How can the U.S. sustainably advance its national security interests given fiscal constraints and shifts in the global distribution of power?
The current U.S. security apparatus was designed for the Cold War, yet the world has changed dramatically since that time, with the contemporary landscape marked by prolonged interventions in Afghanistan and Iraq, the emergence of powerful new political and economic actors, global financial crises, and rising public debt. In a moment when the finiteness of American resources and the growth of new foreign powers are increasingly salient to decision makers, it is essential to consider holistically the effects of America’s international policies – military, diplomatic, and economic – on the long-term security of the country.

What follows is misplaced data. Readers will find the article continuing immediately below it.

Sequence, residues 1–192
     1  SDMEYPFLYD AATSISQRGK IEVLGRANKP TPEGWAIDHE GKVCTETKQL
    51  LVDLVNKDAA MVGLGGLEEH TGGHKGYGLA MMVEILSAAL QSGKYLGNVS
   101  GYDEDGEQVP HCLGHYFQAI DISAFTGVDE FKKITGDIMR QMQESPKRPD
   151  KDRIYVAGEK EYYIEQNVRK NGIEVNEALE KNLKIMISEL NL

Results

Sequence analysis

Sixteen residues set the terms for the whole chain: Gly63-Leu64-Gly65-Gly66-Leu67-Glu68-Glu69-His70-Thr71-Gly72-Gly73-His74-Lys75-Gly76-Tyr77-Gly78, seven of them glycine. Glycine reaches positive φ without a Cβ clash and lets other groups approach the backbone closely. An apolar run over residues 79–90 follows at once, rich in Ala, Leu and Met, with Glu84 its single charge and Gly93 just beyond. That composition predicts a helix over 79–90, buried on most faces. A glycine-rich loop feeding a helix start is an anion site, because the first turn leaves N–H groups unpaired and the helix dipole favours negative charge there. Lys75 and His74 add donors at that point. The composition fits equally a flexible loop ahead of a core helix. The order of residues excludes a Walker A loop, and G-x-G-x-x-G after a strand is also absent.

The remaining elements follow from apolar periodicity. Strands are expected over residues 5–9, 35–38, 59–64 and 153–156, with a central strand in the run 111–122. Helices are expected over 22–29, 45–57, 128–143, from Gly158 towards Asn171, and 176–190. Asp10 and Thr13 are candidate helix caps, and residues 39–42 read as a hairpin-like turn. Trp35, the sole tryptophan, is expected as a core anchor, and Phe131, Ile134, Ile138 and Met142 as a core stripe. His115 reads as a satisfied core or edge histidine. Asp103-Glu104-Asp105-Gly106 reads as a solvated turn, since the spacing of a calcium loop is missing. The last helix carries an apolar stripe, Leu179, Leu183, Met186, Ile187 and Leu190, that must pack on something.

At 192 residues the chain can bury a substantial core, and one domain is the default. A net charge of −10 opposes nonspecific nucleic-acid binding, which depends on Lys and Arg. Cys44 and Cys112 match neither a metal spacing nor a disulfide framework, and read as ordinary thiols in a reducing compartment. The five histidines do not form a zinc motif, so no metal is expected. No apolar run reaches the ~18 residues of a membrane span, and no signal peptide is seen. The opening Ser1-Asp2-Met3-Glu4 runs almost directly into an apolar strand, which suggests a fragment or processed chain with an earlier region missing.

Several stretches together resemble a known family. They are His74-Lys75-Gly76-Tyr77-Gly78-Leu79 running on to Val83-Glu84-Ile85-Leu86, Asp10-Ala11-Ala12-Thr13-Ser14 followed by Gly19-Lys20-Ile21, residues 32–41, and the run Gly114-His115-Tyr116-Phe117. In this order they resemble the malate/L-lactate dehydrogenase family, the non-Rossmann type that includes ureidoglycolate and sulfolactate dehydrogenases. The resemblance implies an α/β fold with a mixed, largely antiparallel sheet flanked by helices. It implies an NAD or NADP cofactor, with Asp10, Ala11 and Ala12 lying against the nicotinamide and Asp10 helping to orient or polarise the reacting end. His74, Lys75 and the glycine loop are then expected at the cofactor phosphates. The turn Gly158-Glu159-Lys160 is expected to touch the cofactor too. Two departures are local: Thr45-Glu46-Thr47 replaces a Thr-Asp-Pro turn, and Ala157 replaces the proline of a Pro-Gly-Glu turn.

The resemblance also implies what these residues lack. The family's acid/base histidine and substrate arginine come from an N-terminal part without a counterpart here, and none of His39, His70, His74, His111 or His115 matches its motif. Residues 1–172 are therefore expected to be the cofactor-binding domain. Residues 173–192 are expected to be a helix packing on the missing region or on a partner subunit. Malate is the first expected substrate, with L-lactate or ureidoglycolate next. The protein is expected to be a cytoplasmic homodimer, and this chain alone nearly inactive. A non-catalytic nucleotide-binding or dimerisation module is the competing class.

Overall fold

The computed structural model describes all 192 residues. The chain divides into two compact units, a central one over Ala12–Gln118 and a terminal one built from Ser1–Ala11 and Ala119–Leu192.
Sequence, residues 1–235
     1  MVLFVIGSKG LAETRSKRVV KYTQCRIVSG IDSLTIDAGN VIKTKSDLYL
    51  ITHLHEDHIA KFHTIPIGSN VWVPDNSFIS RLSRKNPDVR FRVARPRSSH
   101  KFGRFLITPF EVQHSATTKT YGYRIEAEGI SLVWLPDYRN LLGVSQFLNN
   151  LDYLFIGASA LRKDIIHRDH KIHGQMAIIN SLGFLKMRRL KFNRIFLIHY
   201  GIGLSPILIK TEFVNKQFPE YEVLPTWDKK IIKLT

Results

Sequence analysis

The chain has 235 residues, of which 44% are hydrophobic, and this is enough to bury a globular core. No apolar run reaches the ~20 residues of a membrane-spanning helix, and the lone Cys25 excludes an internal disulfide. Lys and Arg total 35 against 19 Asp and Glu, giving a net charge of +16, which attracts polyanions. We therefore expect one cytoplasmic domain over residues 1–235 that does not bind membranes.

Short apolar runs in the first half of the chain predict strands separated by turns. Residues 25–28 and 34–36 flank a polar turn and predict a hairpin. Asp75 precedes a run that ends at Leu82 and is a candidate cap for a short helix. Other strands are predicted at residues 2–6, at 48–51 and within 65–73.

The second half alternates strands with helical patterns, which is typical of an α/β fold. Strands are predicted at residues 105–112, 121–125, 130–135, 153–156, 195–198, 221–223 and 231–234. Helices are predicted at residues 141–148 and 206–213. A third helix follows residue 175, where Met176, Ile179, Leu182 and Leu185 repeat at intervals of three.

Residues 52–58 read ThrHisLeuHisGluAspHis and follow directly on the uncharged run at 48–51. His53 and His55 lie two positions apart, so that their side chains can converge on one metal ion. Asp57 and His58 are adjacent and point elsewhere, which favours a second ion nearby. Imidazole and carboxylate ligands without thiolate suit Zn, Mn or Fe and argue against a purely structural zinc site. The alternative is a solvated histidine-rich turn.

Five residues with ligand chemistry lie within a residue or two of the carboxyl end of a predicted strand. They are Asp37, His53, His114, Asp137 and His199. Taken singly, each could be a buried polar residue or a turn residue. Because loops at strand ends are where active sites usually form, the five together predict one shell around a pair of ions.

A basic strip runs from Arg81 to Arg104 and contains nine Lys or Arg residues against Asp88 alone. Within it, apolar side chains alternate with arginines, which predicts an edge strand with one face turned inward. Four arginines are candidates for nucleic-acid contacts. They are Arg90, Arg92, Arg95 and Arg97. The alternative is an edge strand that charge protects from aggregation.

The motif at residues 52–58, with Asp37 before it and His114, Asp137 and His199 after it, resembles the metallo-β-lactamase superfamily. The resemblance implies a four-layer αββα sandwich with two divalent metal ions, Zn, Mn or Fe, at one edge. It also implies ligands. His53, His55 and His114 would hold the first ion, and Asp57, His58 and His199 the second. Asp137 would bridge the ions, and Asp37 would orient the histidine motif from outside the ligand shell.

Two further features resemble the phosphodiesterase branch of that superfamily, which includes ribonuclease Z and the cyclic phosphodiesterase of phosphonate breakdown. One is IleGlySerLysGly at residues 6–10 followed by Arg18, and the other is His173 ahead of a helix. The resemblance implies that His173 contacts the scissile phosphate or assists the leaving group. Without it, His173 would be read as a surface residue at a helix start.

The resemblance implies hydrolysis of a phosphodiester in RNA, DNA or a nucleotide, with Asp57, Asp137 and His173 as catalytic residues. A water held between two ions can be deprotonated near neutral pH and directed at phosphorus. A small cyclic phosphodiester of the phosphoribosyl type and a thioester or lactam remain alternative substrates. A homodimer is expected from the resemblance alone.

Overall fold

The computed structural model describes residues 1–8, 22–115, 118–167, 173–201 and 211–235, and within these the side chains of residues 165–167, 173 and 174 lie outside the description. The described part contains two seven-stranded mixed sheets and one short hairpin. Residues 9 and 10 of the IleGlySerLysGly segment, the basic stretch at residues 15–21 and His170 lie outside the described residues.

Questions within the broader initiative include:
Financial Elements of National Security: How is U.S. power affected by ongoing developments in both domestic and international political economies?
Recalibrating Security Strategy: Drawing on history, how can the U.S. and other great powers successfully make significant shifts in their security strategies?
Regional Security Committments: What are the full range of costs and benefits of the U.S.'s regional security commitments?